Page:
The proof is here about mercury and autism. It was given to us by Geier, Haley, Deth, Bernard, Holmes, etc., along with the thousands of parents who are curing their children by removing the mercury. Your stating that the IOM disagrees with their proof doesn't make the IOM truthful. The IOM is lying, you know it, I know it but those people who only hear about autism in the mainstream media don't know it. Your demonstration that you did well in logic 101 also does not alter that proof. Dishonest science is what I call junk science and that is what we hear from the IOM, CDC and studies paid for by drug companies that are only designed to let them avoid lawsuits. So, assign all the logical fallacies you want to the truth but it still won't alter the fact that those who cure their children with chelation are the ones who know the truth. If Geier, Deth et al. weren't accurate, it would stand to reason that nobody could be cured with chelation and methyl B-12 would be useless. Since we know that is not the case, this proves all your sophistocated arguments invalid.

16 January, 2006 10:25  
Anonymous HCN said...

Who are these "cured" children? Where are they being documented?

All we have is your say so... and, sorry, that is not enough.

16 January, 2006 10:25  
Blogger Fore Sam said...

The Autism Research Institute is documenting as many as care to be documented. It is not just my say so. You can also check the Yahoo group Autism-Mercury and talk to lots of them.

16 January, 2006 11:13  
Anonymous TheProbe said...

Foresam said:

"If Geier, Deth et al. weren't accurate, it would stand to reason that nobody could be cured with chelation and methyl B-12 would be useless. Since we know that is not the case, this proves all your sophistocated arguments invalid."

That is fantastic circular reasoning.

As for the claim that chelation CURES Autism, I suggest that you consider that chelation is used in cases of lead poisoning to stop further nerve damage. It does not reverse the damage already done. Why should mercury be any different? Please explain using some form of logic supported by facts and have your explanation cosistent with high school chemistry.

16 January, 2006 11:55  
Blogger Bronze Dog said...

The proof is here about mercury and autism...

Where?

It was given to us by Geier, Haley, Deth, Bernard, Holmes, etc., along with the thousands of parents who are curing their children by removing the mercury.

1. Cites, please? If you don't have them, you're effectively mute. We need access to the data, not what your say so says about your memory of the data.

2. I saw a little about Deth, before in an argument on Skeptico. His experiments to "prove" the danger involved nerve cells in a petri dish, working against the data that says the thermasol wouldn't reach those cells in a human body. Additionally, he didn't have any data that his cure worked: Just a bunch of testimonials that were probably cherrypicked.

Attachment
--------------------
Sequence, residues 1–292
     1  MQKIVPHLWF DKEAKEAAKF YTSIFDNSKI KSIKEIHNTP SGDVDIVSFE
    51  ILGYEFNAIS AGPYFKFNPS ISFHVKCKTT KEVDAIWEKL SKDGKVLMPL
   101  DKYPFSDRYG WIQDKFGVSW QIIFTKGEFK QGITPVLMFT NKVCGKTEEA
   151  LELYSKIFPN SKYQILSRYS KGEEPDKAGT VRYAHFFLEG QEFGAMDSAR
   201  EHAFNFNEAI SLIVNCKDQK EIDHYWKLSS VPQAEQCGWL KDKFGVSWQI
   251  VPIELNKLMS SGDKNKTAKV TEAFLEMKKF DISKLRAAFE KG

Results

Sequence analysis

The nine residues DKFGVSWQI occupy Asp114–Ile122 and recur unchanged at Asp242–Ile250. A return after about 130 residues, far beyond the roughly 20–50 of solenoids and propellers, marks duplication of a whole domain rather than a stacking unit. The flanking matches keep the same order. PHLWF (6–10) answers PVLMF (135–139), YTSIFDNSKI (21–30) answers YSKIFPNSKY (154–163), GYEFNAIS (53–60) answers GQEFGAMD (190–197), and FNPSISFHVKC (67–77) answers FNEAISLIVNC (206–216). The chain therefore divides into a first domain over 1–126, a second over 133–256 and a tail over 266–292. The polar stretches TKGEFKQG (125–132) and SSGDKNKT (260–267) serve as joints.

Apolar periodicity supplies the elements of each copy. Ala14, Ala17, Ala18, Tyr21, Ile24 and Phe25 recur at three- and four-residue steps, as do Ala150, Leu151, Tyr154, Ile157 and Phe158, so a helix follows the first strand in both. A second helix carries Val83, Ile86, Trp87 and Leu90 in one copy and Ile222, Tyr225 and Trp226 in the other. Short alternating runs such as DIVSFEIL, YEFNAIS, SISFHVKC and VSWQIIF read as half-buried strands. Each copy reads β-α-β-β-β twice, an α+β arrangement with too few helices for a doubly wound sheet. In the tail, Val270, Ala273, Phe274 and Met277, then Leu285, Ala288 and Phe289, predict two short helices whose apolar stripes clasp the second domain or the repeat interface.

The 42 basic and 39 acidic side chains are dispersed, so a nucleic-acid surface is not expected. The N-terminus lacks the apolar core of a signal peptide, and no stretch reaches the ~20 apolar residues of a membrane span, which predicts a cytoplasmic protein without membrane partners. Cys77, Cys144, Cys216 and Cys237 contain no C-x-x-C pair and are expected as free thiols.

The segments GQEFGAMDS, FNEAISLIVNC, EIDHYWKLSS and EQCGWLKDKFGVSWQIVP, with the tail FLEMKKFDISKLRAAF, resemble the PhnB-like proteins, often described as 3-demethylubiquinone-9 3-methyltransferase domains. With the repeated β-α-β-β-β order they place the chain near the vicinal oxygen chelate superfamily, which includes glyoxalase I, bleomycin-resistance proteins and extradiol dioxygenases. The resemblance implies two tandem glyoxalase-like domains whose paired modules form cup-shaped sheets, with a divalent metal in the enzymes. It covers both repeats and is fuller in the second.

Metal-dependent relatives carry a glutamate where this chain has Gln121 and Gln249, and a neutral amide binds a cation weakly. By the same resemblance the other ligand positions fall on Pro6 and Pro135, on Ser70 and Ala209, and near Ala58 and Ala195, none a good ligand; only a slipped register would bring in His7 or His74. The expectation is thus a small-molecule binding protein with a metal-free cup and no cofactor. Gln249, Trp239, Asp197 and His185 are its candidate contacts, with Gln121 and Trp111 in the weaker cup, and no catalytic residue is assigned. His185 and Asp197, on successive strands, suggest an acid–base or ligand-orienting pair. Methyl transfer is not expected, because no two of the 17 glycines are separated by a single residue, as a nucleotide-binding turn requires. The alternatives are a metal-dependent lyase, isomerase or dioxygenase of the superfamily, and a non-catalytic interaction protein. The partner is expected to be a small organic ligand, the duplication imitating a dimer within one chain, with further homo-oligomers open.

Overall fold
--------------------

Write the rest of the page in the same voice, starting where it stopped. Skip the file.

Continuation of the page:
3. The human body naturally removes most toxins. It wouldn't be able to function, otherwise. If mercury caused autism, it would go in, do its damage, and either A) form a strong chemical bond with something that renders it effectively inert, or B) leave. Removing the mercury would be like removing the bullet from an injured man: It might help, but it's not going to patch up the hole it caused during entry.

The IOM is lying, you know it, I know it but those people who only hear about autism in the mainstream media don't know it.

1. I don't listen to mainstream media. They're too often on the side of quackery and pseudoscience. From what I've seen, they're on your side. Show me the raw data. Nothing else matters.

2. I don't know anything about the IOM. Even if I did, I doubt I'd care. (At least not until I vote or whatever.) Government organizations are irrelevant. Show me the data. Nothing else matters.

So, assign all the logical fallacies you want to the truth but it still won't alter the fact that those who cure their children with chelation are the ones who know the truth. If Geier, Deth et al. weren't accurate, it would stand to reason that nobody could be cured with chelation and methyl B-12 would be useless. Since we know that is not the case, this proves all your sophistocated arguments invalid.

1. Even if you're right, your arguments would still be fallacious: It's not our fault you choose to try and convince us with propaganda techniques, distractions, and evasions. Convince us with, you know, SCIENCE: Double-blind control studies. Proper statistical analysis.

2. Prove to us those children had autism and were cured of it. Double-blind control studies. Not testimonials.

The Autism Research Institute is documenting as many as care to be documented. It is not just my say so. You can also check the Yahoo group Autism-Mercury and talk to lots of them.